Sunday, 15 January 2017

It's Oscars Season! Adjectives are rife!

 Over the last few weeks, in dull, dark January, I've been to see four films: A United Kingdom, Paterson, Manchester by the Sea and La La Land. In my personal opinion, I would rank them, from best to worst (as follows): Manchester by the Sea, A United Kingdom, La La Land, and then Paterson. In recent run-downs of film listings in well-known newspapers, these four films were described as: 'bleak' (Manchester), 'stirring' (United), 'joyful' (LLL) and 'Indie whimsie meets profound' (Paterson): all were given five stars. Although I don't wish to harp on too much here about how disappointing I found La La Land (very!), or how faintly ridiculous I found Paterson (particularly as someone who loves poetry), what I am in danger of doing -- just like the critics themselves -- is casting a film in a certain light and then influencing the way everyone watches it. For some reason, this tendency to apportion an adjective to a film and then stick with it, despite the fact that the film might alter its mood many times, is particularly prevalent during Oscars Season.

As English literature students, we were always told to avoid using adjectives and adverbs -- particularly ones that provide a shortcut to an argument without providing additional support. Obviously, journalists need to put forward a point of view, and they need to write in soundbites; otherwise they wouldn't be doing their job. Nevertheless, I can't help but think that such soundbites sway the way we receive and review films ourselves. We want to see La La Land as joyful, rather than (as one critic, buried far down the search engine results, described it) 'superficial': when enough people use the same term, that other voice is drowned out. It also leads to some uncomfortable moments. When my husband and I left the cinema after watching La La Land, we whispered the word 'boring' to each other, afraid that the Ryan Gosling-obsessed cinema-goers would give us a tongue-lashing. (Here's another word I can think of to describe 'The Gosling': over-rated. And here's another: average.) But in a post-truth, post-Brexit, post-Trump era, a film that comes along promising an 'intravenous shot of joy', as another critic put it, will deliver this: even if it doesn't, not really.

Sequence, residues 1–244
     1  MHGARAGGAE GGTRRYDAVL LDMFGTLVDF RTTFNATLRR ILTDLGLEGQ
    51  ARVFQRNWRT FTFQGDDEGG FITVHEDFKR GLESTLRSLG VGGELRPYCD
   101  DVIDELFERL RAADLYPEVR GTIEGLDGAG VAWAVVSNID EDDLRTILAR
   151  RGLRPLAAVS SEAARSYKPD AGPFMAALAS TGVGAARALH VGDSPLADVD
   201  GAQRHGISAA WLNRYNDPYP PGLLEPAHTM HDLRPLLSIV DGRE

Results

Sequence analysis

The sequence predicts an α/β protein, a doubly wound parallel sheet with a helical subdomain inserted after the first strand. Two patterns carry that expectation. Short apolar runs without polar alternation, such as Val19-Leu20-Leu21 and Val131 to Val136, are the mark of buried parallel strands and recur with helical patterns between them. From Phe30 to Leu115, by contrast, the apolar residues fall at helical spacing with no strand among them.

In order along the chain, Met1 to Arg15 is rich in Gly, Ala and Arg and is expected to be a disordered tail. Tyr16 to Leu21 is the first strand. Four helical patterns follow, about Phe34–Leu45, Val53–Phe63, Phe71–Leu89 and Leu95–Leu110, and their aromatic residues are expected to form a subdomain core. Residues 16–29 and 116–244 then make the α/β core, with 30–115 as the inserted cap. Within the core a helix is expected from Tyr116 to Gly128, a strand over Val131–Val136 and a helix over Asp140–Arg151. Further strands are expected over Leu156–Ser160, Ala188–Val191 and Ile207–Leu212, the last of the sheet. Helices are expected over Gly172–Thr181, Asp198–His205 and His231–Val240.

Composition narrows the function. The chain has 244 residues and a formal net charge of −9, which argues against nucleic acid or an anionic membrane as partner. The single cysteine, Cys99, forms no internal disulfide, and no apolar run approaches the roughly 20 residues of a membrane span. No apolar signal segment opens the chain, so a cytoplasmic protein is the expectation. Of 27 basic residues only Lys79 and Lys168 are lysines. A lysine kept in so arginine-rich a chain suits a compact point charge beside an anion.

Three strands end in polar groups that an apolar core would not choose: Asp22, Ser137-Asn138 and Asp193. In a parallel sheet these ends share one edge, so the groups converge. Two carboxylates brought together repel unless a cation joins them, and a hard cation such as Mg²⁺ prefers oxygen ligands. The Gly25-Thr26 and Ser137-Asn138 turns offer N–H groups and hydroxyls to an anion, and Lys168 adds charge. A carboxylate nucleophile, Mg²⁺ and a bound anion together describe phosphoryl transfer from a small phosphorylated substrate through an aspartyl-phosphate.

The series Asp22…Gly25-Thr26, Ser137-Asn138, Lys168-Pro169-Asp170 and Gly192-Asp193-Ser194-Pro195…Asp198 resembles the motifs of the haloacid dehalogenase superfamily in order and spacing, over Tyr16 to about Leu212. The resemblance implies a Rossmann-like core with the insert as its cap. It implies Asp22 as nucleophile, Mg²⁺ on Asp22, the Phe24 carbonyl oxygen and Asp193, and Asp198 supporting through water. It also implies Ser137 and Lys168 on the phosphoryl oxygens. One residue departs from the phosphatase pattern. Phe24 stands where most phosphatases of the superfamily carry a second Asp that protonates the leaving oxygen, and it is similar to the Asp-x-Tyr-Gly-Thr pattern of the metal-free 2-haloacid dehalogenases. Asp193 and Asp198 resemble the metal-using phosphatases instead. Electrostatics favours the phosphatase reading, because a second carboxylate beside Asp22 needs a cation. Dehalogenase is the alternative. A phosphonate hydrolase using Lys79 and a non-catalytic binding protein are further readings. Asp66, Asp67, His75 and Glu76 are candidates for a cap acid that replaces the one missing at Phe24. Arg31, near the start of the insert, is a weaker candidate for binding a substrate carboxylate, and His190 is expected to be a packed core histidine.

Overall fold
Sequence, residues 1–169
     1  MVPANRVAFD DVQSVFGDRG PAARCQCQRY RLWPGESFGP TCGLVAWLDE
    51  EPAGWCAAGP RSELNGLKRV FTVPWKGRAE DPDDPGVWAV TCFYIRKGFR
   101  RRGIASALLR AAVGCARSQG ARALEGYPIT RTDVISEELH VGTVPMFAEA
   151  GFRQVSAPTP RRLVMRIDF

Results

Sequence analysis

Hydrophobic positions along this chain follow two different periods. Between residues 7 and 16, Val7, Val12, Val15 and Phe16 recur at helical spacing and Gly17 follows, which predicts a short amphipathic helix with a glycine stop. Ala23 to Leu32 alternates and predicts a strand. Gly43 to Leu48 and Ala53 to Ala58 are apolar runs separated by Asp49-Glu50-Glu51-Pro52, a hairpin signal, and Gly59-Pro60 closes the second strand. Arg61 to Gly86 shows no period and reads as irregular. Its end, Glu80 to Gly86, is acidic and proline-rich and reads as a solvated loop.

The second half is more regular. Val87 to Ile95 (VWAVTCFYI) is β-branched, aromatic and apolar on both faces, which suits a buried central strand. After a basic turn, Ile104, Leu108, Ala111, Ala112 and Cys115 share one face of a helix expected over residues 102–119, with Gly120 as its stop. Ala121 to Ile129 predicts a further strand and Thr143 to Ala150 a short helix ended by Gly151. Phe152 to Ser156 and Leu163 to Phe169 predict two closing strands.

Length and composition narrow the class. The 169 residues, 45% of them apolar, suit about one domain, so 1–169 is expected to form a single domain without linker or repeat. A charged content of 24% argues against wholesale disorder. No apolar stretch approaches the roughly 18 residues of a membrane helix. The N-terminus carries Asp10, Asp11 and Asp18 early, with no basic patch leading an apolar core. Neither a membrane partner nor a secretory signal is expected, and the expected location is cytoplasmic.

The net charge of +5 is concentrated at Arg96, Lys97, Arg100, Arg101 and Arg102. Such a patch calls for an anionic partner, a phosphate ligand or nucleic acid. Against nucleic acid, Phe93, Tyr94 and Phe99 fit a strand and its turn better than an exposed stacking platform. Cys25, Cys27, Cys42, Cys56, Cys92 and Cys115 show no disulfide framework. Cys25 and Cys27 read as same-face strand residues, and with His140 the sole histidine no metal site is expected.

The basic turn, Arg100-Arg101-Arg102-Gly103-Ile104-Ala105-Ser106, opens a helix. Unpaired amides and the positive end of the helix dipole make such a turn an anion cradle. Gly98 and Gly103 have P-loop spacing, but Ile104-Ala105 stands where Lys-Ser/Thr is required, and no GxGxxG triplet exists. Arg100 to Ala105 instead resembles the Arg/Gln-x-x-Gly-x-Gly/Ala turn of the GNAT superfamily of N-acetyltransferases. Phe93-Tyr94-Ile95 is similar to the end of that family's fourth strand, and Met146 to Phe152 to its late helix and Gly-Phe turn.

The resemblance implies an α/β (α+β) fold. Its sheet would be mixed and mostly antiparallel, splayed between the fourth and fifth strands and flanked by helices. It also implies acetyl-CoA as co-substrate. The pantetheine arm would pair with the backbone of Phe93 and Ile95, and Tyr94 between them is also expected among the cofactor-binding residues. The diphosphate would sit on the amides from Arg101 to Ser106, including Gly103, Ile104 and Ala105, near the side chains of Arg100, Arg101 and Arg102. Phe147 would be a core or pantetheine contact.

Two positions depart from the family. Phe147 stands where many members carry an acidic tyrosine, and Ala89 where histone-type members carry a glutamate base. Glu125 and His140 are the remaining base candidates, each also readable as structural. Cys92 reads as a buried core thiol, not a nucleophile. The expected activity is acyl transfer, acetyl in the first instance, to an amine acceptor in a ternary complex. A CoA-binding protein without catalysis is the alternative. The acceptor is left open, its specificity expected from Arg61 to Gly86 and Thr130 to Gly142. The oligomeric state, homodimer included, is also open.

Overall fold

On the other end of the scale, to describe Manchester by the Sea as merely 'bleak' is to dismiss the complexities of moods, tone and character that are expressed and teased out throughout this wonderful film. If I had to choose one way to describe the film, it would be 'redemptive'. Yes, the story-line is unbearably sad, but there are funny moments too, and moments of kindness and deep love. We learn far more about the relationship between the characters played by Casey Affleck and Michelle Williams in two scenes than we do about those played by Ryan ('The') Gosling and Emma Stone in La La Land. Maybe we don't watch the second one for character development. But there isn't much else there, because there are hardly any other characters in this film. I feel churlish criticising it so much: it's obviously a well-meaning film, and I really wanted to love it. But I feel it's a film for our times: times in which we expect so little, that we're happy with any crumb of 'joy' we're given. When I want joy in future I'll take Gentlemen Prefer Blondes -- every single time.

No comments:

Post a Comment